Panelists differ on constitutional amendment

SNELLVILLE -- Should voters approve an amendment that would affirm the state's power to charter independent public schools?

Four panelists took a stab at answering the question during a charter school amendment roundtable discussion Tuesday evening.

Sponsored by two local state representatives, the gathering aimed to shed light on the proposed amendment, which seeks to create an appointed commission that supporters believe would serve as a neutral group.

Panelist Marc Pilgrim said that the amendment "sets up a process of review that's not currently in place. You need teeth behind the appeal process ... to say that this (commission) can have the ability to authorize charter schools."

Gwinnett County Board of Education Member and panelist Bob McClure said it would be a mistake to create the commission.

"If this passes, it would create a seven-member board of people not appointed by your community ... to decide whether or not you will have certain state schools in your community," McClure said. "And they will do that over the objections of your local leaders."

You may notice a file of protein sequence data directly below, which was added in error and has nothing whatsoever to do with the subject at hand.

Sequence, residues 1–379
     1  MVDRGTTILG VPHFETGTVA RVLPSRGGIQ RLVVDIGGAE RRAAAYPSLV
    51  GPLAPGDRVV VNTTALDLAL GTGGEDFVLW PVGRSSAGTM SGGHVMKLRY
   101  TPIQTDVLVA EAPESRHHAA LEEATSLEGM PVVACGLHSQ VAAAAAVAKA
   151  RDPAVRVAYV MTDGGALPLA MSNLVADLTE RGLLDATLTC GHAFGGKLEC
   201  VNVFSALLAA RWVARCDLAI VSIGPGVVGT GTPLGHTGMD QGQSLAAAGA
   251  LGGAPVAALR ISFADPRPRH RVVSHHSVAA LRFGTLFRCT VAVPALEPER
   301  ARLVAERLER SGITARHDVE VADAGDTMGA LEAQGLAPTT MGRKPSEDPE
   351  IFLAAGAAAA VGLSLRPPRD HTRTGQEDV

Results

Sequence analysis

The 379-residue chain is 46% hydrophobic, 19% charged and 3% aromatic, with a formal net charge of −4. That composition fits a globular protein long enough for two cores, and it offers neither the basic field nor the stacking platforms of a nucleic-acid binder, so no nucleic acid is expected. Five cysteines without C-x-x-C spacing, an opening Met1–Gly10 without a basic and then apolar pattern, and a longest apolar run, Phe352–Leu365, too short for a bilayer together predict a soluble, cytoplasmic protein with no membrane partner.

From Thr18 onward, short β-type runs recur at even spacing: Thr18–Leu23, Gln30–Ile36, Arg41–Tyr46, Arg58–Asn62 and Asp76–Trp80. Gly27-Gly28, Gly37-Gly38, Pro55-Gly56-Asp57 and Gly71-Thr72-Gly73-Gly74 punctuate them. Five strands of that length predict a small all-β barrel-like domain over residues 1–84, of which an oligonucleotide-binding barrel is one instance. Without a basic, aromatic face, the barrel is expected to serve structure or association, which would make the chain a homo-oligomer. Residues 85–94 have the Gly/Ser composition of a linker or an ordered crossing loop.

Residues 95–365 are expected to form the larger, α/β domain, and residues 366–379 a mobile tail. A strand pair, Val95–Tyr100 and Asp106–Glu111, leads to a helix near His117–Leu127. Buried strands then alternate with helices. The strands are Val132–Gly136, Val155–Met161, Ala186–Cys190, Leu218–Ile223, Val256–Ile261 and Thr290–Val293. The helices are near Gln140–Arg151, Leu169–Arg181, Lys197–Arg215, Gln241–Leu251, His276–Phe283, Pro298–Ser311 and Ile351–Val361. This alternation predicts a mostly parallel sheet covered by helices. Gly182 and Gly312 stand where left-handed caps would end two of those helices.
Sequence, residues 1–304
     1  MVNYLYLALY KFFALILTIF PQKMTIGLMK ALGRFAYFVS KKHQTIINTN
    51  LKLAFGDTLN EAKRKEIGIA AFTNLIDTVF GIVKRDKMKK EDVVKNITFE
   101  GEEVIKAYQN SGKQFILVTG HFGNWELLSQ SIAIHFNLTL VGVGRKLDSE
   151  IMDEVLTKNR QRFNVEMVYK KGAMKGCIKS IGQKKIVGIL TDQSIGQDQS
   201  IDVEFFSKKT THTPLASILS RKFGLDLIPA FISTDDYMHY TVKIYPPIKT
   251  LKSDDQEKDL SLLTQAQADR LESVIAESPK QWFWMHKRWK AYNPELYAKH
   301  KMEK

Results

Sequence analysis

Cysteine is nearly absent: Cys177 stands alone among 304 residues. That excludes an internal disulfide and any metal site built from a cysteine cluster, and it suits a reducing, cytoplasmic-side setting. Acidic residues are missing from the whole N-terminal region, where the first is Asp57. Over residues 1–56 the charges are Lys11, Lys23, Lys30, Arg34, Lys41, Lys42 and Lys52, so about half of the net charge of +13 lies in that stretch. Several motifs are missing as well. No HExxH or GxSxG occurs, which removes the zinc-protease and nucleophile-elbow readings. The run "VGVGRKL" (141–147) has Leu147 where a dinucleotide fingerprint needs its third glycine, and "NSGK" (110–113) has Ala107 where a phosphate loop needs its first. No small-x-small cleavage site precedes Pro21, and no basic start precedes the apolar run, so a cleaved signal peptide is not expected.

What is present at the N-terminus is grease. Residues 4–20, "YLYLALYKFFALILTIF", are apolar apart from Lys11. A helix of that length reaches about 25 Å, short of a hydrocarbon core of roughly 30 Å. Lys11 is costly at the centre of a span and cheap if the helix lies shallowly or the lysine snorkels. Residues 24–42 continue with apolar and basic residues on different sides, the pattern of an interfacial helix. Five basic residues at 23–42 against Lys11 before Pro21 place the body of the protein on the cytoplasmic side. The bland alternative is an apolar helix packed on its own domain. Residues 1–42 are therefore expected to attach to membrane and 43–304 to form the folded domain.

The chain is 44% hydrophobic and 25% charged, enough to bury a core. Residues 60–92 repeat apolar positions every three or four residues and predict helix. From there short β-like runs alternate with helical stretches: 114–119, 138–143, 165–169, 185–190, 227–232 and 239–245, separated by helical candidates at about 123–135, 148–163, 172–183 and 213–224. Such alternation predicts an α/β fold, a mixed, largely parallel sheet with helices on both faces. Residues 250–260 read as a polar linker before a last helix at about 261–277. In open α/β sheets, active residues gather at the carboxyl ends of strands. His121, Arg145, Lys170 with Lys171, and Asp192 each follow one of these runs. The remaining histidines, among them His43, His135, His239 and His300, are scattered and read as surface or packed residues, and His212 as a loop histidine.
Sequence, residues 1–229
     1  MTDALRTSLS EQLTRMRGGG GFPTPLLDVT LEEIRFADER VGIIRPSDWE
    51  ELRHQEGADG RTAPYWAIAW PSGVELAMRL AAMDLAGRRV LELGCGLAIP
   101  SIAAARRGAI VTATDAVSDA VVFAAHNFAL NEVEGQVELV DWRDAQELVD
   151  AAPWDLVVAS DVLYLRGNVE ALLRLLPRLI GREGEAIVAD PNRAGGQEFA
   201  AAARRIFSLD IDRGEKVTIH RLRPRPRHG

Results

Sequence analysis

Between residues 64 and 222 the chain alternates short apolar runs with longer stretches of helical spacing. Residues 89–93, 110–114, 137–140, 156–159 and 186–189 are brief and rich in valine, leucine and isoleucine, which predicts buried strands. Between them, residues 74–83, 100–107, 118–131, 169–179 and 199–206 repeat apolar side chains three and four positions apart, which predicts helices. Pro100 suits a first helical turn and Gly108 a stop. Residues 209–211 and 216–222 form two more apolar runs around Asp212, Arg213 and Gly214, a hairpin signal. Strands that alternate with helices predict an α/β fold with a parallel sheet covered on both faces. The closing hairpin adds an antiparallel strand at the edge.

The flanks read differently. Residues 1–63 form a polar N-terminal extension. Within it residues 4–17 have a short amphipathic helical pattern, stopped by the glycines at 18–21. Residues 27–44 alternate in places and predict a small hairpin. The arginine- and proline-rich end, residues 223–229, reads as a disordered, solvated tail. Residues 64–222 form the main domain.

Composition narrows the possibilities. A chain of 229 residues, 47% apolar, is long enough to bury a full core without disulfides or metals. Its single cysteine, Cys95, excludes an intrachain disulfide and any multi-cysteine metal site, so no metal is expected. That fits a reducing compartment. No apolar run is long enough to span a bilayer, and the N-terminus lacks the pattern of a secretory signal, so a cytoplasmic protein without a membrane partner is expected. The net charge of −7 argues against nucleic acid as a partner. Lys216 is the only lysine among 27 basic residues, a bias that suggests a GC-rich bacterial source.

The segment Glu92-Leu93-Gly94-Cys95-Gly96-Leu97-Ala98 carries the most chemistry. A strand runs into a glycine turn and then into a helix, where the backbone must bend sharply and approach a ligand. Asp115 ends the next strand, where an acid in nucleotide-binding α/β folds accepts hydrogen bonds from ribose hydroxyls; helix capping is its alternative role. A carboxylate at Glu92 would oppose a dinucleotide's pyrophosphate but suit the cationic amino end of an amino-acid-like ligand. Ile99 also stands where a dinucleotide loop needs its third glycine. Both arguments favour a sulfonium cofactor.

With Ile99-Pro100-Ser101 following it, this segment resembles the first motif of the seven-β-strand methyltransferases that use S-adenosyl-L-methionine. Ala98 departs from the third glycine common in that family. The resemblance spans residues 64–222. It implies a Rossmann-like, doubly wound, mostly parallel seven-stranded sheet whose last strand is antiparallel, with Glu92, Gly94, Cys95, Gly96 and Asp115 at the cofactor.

Added McClure: "If this passes, it will alter the longstanding partnership between the state and local boards of education. It will change (the state) from our partners to our opponents."

Gwen McCants-Allen, the parent of a student in a charter school, doesn't see it that way.

"I believe this amendment adequately addresses the situation," McCants-Allen said. "There are children who need different types of environments, different types of options, and charter schools provide so many options for students."

The merits of charter schools, said state Rep. Dar'shun Kendrick, is beside the point.

"(This amendment) gives too much discretion to the state," Kendrick said. "I see this as a stepping stone to something bigger politically ... I see this as the next step in messing with our traditional public education. Whether charter schools do a great service to the community is not the issue here."

The defunct Georgia Charter Schools Commission shut down operations in 2011 after the Supreme Court ruled that the existing state constitution already gave local boards control over K-12 education, including issuing independent charters.

A majority of the General Assembly and the governor have since endorsed the amendment in an effort to restore the state commission.